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Scientific publications Scientific publications feed

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24 April 2018

The gender gap in science: How long until women are equally represented ? [Plos Biology]

Subject Areas : careers, bibliometrics, open access publishing, scientific publishing, computer and information sciences, sexual and gender issues, engineering and technology, peer review

Women comprise a minority of the Science, Technology, Engineering, Mathematics, and Medicine (STEMM) workforce. Quantifying the gender gap may identify fields that will not reach parity without intervention, reveal underappreciated biases, and inform benchmarks for gender balance among conference speakers, editors, and hiring committees. Using the PubMed and arXiv databases, we estimated the gender of 36 million authors from >100 countries publishing in >6000 journals, covering most STEMM disciplines over the last 15 years, and made a web app allowing easy access to the data (lukeholman.github.io/genderGap/).(...)

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24 April 2018

Renewing Felsenstein’s phylogenetic bootstrap in the era of big data [Nature]

Keywords : phylogenetics, phylogeny, software, statistical methods, taxonomy

Felsenstein’s application of the bootstrap method to evolutionary trees is one of the most cited scientific papers of all time. The bootstrap method, which is based on resampling and replications, is used extensively to assess the robustness of phylogenetic inferences. However, increasing numbers of sequences are now available for a wide variety of species, and phylogenies based on hundreds or thousands of taxa are becoming routine. With phylogenies of this size Felsenstein’s bootstrap tends to yield very low supports, especially on deep branches. Here we propose a new version of the phylogenetic bootstrap in which the presence of inferred branches in replications is measured using a gradual ‘transfer’ distance rather than the binary presence or absence index used in Felsenstein’s original version. The resulting supports are higher and do not induce falsely supported branches. The application of our method to large mammal, HIV and simulated datasets reveals their phylogenetic signals, whereas Felsenstein’s bootstrap fails to do so.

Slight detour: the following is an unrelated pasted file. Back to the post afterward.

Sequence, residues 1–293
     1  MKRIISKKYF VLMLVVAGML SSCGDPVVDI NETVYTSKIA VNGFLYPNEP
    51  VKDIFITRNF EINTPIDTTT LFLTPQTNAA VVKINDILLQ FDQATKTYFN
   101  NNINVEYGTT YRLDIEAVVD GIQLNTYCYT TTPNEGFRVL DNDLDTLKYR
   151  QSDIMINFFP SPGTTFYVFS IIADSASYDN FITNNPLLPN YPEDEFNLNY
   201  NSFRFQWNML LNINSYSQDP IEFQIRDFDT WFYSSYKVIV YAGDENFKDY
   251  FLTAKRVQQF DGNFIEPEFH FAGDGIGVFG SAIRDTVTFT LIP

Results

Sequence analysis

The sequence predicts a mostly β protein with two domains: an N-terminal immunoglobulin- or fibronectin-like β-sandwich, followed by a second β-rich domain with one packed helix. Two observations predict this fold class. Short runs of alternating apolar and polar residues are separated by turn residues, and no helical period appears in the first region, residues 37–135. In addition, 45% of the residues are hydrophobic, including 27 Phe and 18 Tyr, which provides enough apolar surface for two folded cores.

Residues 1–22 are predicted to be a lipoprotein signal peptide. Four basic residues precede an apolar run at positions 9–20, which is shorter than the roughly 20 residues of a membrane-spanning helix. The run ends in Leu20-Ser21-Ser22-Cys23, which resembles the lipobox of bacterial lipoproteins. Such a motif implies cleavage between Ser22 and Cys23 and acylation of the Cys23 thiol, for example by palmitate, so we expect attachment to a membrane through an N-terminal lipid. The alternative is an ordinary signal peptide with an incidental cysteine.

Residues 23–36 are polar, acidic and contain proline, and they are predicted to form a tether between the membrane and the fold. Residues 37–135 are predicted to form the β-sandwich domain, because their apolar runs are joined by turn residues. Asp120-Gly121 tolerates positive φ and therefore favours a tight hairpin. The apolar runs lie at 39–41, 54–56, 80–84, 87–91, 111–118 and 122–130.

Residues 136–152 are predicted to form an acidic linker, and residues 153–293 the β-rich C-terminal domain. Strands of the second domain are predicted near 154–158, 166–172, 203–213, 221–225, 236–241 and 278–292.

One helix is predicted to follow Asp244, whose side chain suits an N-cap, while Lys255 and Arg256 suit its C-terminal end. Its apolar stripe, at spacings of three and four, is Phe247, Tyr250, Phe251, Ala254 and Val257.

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24 April 2018

A million and more trees for science [Nature Ecology & Evolution]

TreeDivNet is the largest network of biodiversity experiments worldwide, but needs to expand. We encourage colleagues to establish new experiments on the relation between tree species diversity and forest ecosystem functioning, and to make use of the platform for collaborative research.

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24 April 2018

Increasing thermal stress for tropical coral reefs: 1871–2017 [Scientific Reports]

Keywords : climate change, ecology

Tropical corals live close to their upper thermal limit making them vulnerable to unusually warm summer sea temperatures. The resulting thermal stress can lead to breakdown of the coral-algal symbiosis, essential for the functioning of reefs, and cause coral bleaching. Mass coral bleaching is a modern phenomenon associated with increases in reef temperatures due to recent global warming. Widespread bleaching has typically occurred during El Niño events. We examine the historical level of stress for 100 coral reef locations with robust bleaching histories.(...)

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24 April 2018

Do non-native species contribute to biodiversity ? [PLOS Biology]

Subject Areas : biodiversity, conservation science, conservation biology, ecosystems, species diversity, species interactions, invasive species, scientists

The Convention on Biological Diversity (CBD) emphasises the role of biodiversity in delivering benefits essential for all people and, as a result, seeks to safeguard all life-forms. The indices that are used to measure progress towards international conservation and sustainability goals, however, focus solely on the ‘native’ component of biodiversity. A subset of non-native species can cause undesirable economic, social, or biological effects. But non-native species also contribute to regional biodiversity (species richness and biotic interactions) and ecosystem services. In some regions and cities, non-native species make up more than half of all species.(...)

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